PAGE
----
The Court of Protection is a specialist Court responsible for protecting the best interests of vulnerable people who lack capacity.
A person may lack mental capacity for a myriad of reasons such as being involved in an accident causing neurological damage or contracting an illness which leads to mental incapacity such as Alzheimers or Dementia. The Mental Capacity Act 2005 gives the Court of Protection jurisdiction to make orders about personal welfare as well as property and finances for people who lack capacity to make decisions about themselves or others.
The Mental Capacity Act 2005 sets out clear principles which must be followed by everyone involved in the management of the welfare, property and finances of anyone who lacks mental capacity. If a person loses mental capacity to look after their personal affairs and has not taken the precaution of preparing a Lasting Power of Attorney when they had capacity to do so the Court of Protection can appoint a Deputy to look after their affairs. The Deputy must at all times act in the person’s best interests in accordance with the principles set out in the Mental Capacity Act 2005.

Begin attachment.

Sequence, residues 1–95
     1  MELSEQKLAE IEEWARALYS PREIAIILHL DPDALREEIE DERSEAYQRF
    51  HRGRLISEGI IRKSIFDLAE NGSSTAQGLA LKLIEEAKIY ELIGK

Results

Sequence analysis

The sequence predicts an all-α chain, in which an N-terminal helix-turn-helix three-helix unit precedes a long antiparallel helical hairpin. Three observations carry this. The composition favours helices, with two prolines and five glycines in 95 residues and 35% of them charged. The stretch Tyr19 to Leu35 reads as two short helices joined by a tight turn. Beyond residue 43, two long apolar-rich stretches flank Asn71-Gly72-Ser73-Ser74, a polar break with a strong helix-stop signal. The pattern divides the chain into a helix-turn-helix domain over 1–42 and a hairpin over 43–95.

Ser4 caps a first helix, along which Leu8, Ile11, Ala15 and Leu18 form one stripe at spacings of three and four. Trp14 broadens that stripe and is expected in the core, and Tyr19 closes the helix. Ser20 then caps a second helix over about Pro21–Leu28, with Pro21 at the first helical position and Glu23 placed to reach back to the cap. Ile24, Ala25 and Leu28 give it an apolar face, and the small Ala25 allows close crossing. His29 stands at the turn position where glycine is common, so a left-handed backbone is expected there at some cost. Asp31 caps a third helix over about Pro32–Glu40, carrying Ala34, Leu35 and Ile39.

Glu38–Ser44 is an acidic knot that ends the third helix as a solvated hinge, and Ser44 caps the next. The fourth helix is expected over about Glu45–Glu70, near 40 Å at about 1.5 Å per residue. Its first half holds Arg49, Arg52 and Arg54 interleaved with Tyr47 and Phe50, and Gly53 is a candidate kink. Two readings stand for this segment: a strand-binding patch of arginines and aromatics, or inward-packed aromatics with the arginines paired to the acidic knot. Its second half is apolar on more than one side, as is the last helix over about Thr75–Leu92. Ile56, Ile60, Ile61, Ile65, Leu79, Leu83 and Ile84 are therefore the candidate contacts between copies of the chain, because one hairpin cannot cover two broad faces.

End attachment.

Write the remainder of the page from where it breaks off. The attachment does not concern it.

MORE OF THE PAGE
The Court of Protection will make decisions concerning the management of a person’s welfare as well as their property and finances including decisions about social care, residence, appointment or removal of deputies or attorney, and medical treatment.
If you are concerned about your ability or the ability of a member of your family or loved one to make decisions concerning the management of their welfare we can advise on:-
- Lasting Power of Attorney (Heath/Welfare and Property/Financial Affairs)
- Disputes regarding Lasting Powers of Attorney
- Appointment of a Deputy to make decisions
- Removal of Attorneys or Deputies
- Deprivation of Liberty
- Applications to the Court of Protection
- Judicial Review
- Care and treatment issues in hospital and the community
- End of life withdrawal of medical treatment